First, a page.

Versus the competiton:
The Chevrolet Corvette offers incredible performance at an attainable price, and the 2010 Corvette Grand Sport continues that tradition. For $54,770 for a Grand Sport coupe, you get a car that accelerates from zero to 60 mph in 4 seconds and pulls 1.0 g on the skid pad, according to Chevrolet.
It’s easy, however, to get carried away and end up with a Grand Sport that costs considerably more. Our test car is a good example. We had the more expensive $58,580 convertible with $16,210 in options, which helped lift the as-tested price to $75,740. That’s a shocking sum, but we could easily do without some of those optional features, like the dated navigation system.
With the V-8 engine from the base Corvette, but the suspension setup, brakes and styling cues of the higher-performance Z06, the Grand Sport is effectively another trim level of the Corvette — and more than your run-of-the-mill special edition. To see a side-by-side comparison of all trim levels of the 2010 Corvette, from the base version to the 638-horsepower ZR1, click here.
Taken as a whole, I like the Grand Sport upgrades because they give the Corvette more of a chip on its shoulder (fender?) while it remains a livable daily driver — especially when equipped with the optional automatic transmission that ours had.
This generation of the Chevrolet Corvette has been around since the 2005 model year, but it still turns heads. On just one drive home from the office, a couple of fellow motorists commented on the race-ready Grand Sport while waiting at stoplights. It could have been the paint color, though; our convertible was finished in an eye-searing color called Velocity Yellow, an $850 option. It very easily could have been called Ticket Me Yellow because of how prominent it made the Grand Sport on the road.
Corvette fans will instantly recognize the styling differences between the Grand Sport and the regular Chevrolet Corvette, but they’ll likely go unnoticed by casual observers. Some of the elements, like the badges and available hash marks on the front fenders, are purely cosmetic, while others, like the Z06-style front end and brake ducts, are performance-oriented.
The Corvette is one of those cars that looks great as a convertible. The car’s muscular front fenders flow cleanly into doors that angle upward toward the large tail. It’s a powerful design that hints at the power under the hood. With most cars, I’d probably take a coupe over a convertible when there’s a choice, but I’d seriously consider the drop-top if I were shopping for a Corvette because it looks so good and its structure is rigid.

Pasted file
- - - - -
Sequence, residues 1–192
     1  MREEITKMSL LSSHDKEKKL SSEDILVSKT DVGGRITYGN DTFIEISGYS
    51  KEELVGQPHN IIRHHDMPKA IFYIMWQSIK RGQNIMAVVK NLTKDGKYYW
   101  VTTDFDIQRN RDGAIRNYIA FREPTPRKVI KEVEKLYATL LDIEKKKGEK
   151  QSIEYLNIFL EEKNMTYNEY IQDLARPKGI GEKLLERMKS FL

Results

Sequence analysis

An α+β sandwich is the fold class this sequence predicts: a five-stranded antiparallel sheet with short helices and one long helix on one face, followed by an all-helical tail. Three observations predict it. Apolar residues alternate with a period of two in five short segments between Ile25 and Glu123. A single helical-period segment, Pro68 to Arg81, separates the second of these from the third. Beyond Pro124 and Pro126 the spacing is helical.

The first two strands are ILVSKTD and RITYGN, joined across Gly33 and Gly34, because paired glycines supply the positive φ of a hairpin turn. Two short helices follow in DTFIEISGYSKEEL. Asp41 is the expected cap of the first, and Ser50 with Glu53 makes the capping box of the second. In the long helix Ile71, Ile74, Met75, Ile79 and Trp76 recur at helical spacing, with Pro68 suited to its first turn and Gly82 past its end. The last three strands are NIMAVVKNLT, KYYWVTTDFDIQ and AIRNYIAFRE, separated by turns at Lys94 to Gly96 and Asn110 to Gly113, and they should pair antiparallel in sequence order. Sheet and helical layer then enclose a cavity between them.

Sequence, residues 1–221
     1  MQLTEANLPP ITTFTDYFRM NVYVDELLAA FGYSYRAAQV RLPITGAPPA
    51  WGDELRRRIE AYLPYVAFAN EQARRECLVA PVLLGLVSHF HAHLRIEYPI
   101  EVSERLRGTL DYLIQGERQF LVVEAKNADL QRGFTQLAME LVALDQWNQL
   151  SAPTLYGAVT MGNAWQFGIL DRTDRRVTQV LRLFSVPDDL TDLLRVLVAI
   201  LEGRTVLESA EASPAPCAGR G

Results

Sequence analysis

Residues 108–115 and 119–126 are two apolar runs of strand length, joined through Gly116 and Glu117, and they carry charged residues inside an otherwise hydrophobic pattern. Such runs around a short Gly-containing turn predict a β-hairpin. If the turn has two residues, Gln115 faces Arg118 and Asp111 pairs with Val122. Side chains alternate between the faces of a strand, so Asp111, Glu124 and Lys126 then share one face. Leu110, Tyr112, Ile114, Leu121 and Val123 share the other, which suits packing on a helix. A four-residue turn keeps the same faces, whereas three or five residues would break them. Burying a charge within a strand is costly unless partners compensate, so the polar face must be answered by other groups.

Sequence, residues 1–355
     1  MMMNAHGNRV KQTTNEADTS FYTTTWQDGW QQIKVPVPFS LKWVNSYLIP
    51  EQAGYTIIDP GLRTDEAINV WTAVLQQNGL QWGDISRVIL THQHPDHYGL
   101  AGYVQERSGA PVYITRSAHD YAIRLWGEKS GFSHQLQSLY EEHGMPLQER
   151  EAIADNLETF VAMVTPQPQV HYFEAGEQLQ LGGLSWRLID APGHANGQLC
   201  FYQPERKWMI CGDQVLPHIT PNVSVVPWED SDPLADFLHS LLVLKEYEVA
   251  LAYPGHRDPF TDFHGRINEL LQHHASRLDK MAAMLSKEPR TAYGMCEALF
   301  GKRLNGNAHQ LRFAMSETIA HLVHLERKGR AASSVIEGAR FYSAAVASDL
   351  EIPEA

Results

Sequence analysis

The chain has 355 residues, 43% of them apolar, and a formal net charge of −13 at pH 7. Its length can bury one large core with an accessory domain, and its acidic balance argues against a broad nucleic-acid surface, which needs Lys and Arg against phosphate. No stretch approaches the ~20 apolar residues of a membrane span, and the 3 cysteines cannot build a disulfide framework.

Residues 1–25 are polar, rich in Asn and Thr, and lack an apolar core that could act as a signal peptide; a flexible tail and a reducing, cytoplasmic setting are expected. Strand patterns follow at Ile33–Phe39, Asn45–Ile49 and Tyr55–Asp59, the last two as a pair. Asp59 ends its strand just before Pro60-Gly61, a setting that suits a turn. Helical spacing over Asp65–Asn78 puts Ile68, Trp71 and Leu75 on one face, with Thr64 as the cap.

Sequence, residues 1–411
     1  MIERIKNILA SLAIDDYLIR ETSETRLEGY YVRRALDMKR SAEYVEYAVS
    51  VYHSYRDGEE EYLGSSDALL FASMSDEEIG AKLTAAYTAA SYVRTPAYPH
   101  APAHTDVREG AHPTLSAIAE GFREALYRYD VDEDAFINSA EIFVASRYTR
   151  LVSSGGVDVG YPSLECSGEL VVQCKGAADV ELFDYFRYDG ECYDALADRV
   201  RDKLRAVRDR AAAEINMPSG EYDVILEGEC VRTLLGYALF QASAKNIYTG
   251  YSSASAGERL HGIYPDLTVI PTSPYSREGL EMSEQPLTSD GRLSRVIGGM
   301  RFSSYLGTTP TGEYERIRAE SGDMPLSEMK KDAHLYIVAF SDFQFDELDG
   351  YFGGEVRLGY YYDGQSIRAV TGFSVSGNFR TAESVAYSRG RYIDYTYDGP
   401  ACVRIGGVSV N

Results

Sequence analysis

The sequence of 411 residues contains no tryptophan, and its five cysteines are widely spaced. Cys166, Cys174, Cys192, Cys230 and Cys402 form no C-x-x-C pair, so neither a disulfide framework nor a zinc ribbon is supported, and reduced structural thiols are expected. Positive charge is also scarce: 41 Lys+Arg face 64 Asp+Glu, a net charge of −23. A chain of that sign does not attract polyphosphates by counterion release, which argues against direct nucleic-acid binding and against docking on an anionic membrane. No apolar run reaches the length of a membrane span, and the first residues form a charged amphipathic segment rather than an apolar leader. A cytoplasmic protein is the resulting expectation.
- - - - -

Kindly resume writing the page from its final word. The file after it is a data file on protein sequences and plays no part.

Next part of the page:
The convertible has an optional power soft-top roof that lowers in 16 seconds and takes 18 seconds to go back up. That’s pretty quick for a power top, but it’s worth noting that it’s not fully automatic; you have to release a handle above the rearview mirror before the top can drop, and you have to lock the roof in place after it’s up. The top stows in a compartment behind the seats and minimally decreases trunk space, to 7.5 cubic feet from 11 when it’s down. When lowered, the top is hidden by a hard shell that helps complete the top-down look — and means you don’t have to wrangle a tonneau cover like you do in some convertibles.
The Corvette has been the definition of the American V-8 sports car for years, and that concept hasn’t been diluted in its current form. The Grand Sport is powered by a 430-hp, 6.2-liter V-8 that rumbles loudly to life when you press the start button, before settling into a lumpy idle that sends an occasional shudder through the chassis. It’s a bit unrefined, but it reminds you there’s a powerful engine under the hood. The optional dual-mode exhaust system, which added $1,195 to the price of our test car, bumps the V-8’s output to 436 hp and unleashes a glorious bellow when engine speed reaches about 4,000 rpm. It’s the kind of sound that could scare small children and startle adults. Definitely order it.
The Corvette and manual-transmission Chevrolet Camaro SS share the LS3 V-8, but the Vette’s engine is saddled with a lot less weight — around 500 pounds in the Grand Sport — and it makes a big difference. The Corvette feels quick and powerful; when driving the Camaro SS, you wonder why it doesn’t feel stronger. Punch the Corvette’s gas pedal, and the car surges forward. The engine makes its peak torque of 424 pounds-feet — 428 with the optional exhaust system — at 4,600 rpm, but there’s plenty of torque available at lower rpm to push you back in your seat.
The Grand Sport, which tips the scales around 3,300 pounds, also sees a gas mileage benefit from its relatively light curb weight. Manual transmission models get an EPA-estimated 16/26 mpg city/highway; the automatic is rated 15/25 mpg. Neither incurs a gas-guzzler tax and both can run on regular gas, though premium is recommended for maximum performance.